Plastic Containers – Those Lids Without Tubs

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Solving the mystery of plastic container lids

 

When teaching organizing classes, I am known to tote about a bag of clutter.  If that sounds odd, imagine trying to explain the answer to the question “What is clutter?”  Having a show-and-tell bag certainly helps!

Buried down deep in the show-and-tell bag are a couple of plastic lids.  They certainly fit better in the bag than a couple of random bowls!  As I remove them out of the bag, I always say, “I should have had you bring all of your plastic tubs without lids and lids without plastic tubs – we could have had a matching party!  Maybe, just maybe, we would have found a mate!”

Seriously – a ton of our time eaten up by trying to find the lids to plastic tubs.  Storing and organizing lids and plastic tubs seems to be the frustration of many cooks.  No matter how often you match them up, something seems to go awry!  I am thinking that perhaps there are a ton of lids located with the socks that have no mate.  I can see that if you have the lid, but no bowl, perhaps someone wandered off with the the bowl of chips and didn’t take the lid.

I just have no explanation how you can end up with a plastic bowl without a lid!

 


Maybe one of the below ideas will work for you:

Eliminate every plastic container and lid that does not have a match.

Pare down the quantity of plastic containers.  If you always have a jumble of plastics in the cabinet, that means you are not always using all of them.  Get rid of at least half of them.

Pare down the sizes of plastic containers.  You do not really need teeny to giant size containers.  Some large and some small containers should do it.

Stick to one shape of plastic containers only.  Round containers can stack inside each other and rectangle containers can stack inside each other.  Squares cannot go into rounds (unless you jump on them).  Save space by sticking to one geometric shape only.  How about tossing out the odd assortment bought here and there at different times?  Donate then or recycle them.

After discarding all the odd sizes, replace them with new containers that are all the same kind.  Each uses the same lid -Amazing!

Grab one of the old containers without a matching lid (before throwing them away), and use it as a storage container to hold the lids.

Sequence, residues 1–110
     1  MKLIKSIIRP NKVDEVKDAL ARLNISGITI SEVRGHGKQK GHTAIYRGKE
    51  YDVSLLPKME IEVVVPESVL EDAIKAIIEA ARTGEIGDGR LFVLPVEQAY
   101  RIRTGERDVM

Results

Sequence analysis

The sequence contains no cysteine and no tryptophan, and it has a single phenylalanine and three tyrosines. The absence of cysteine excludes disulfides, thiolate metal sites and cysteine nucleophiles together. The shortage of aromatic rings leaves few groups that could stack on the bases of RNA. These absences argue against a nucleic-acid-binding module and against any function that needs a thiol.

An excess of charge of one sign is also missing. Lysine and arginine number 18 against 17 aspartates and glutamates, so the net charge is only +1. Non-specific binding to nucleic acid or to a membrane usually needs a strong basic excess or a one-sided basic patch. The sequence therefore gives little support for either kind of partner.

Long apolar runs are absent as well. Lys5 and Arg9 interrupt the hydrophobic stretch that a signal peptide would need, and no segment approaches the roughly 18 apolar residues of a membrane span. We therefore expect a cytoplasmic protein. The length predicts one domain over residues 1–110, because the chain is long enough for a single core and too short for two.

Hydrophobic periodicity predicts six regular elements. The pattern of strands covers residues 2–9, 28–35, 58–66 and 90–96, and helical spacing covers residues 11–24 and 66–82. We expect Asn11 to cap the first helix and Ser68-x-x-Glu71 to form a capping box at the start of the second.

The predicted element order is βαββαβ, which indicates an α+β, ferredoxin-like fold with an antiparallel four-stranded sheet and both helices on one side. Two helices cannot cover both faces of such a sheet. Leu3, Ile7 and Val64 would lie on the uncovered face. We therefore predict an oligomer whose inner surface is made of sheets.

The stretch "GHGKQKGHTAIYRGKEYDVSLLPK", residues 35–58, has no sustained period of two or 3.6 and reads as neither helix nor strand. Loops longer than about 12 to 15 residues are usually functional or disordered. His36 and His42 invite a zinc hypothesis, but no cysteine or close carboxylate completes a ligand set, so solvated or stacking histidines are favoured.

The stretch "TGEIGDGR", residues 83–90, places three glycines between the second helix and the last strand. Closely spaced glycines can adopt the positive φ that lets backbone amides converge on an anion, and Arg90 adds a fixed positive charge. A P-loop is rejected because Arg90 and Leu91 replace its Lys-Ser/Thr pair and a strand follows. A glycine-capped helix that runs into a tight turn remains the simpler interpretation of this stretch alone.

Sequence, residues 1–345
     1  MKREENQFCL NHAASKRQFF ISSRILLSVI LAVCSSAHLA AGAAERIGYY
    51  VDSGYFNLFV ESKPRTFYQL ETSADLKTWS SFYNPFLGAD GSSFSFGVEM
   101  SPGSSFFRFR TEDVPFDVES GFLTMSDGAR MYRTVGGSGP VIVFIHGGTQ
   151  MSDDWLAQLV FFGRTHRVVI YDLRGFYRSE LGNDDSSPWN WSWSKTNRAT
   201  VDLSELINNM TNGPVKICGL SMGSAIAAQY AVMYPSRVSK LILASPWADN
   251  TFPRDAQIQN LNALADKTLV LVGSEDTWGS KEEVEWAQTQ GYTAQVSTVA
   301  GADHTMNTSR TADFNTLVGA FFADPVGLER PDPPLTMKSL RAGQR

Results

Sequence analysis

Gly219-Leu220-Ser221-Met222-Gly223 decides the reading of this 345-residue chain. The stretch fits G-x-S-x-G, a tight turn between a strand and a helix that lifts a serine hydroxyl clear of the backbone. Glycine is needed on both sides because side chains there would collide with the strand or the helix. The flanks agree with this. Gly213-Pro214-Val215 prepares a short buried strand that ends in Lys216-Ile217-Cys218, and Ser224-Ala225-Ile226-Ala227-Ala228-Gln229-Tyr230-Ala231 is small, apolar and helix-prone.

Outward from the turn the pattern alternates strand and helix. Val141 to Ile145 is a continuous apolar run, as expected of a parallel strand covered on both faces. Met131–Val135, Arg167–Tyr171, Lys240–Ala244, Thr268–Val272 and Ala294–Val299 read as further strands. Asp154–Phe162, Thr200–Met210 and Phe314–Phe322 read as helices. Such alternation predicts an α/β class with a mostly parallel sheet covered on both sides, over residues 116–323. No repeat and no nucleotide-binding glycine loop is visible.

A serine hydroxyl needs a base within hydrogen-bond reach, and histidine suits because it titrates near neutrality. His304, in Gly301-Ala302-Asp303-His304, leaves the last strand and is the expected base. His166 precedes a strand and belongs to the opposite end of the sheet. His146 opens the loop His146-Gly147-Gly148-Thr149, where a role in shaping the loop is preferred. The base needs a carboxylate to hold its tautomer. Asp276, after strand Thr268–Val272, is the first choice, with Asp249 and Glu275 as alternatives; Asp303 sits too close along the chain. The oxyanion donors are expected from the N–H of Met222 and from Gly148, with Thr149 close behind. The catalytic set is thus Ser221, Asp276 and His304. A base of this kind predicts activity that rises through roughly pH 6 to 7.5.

Store each plastic container with it’s lid on it.

Choose to buy containers that are designed for the lid to snap on the bottom of the container for storage purchases.

Purchase colored bowl and lids.  It is sometimes easier to match lids when you know the orange lids goes on the orange bowl.

Use a permanent marker to label your containers and lids.  Such as A goes to A or 3 goes to 3.

 

 

Ideas for storing containers and lids in your kitchen:

 

Plastic Containers

Choose to buy containers that come with a carousel for storage.

Use an under-shelf storage basket.  Stack the plastic tubs on the shelf and store the lids neatly underneath.

Add a lid storage organizer to the inside of a cabinet door.  Search for plastic lid holders in your storage stores or on the internet.

 

 

Plastic Containers

Consider doing some rearranging or swapping of locations in your kitchen.

Storing containers and lids in a deep drawer eliminates them tumbling out of a cabinet when they feel the need to escape.

Lids are stored to the side of each size containers.

 

 

 

Plastic Containers

By the way, my definition of clutter is anything and everything that keeps you from doing what you really want to be doing!

I bet you have something better to do than digging through all those lids!

 

 

 

 


 

Lea SchneiderAuthor Lea Schneider, a columnist for What’s Cooking America, is a freelance writer and organizational expert whose organizing ideas have been published in many magazines including Woman’s Day, Better Homes and Gardens Kitchen and Bath Ideas, Family Circle, Parents Magazine, as well as numerous newspapers and websites.  She is a member of the Association of Food Journalists.

Getting organized is all about living simpler and making things easier.  The bonus is it often leads to saving money.  Lea Schneider’s kitchen organizing columns tell you how to organize the many things that relate to kitchens, menus, meals, and special food events.

Check out all of Lea Schneider’s helpful home and kitchen columns at Organizing Kitchens, Pantries, Menus and Meals.

 

 

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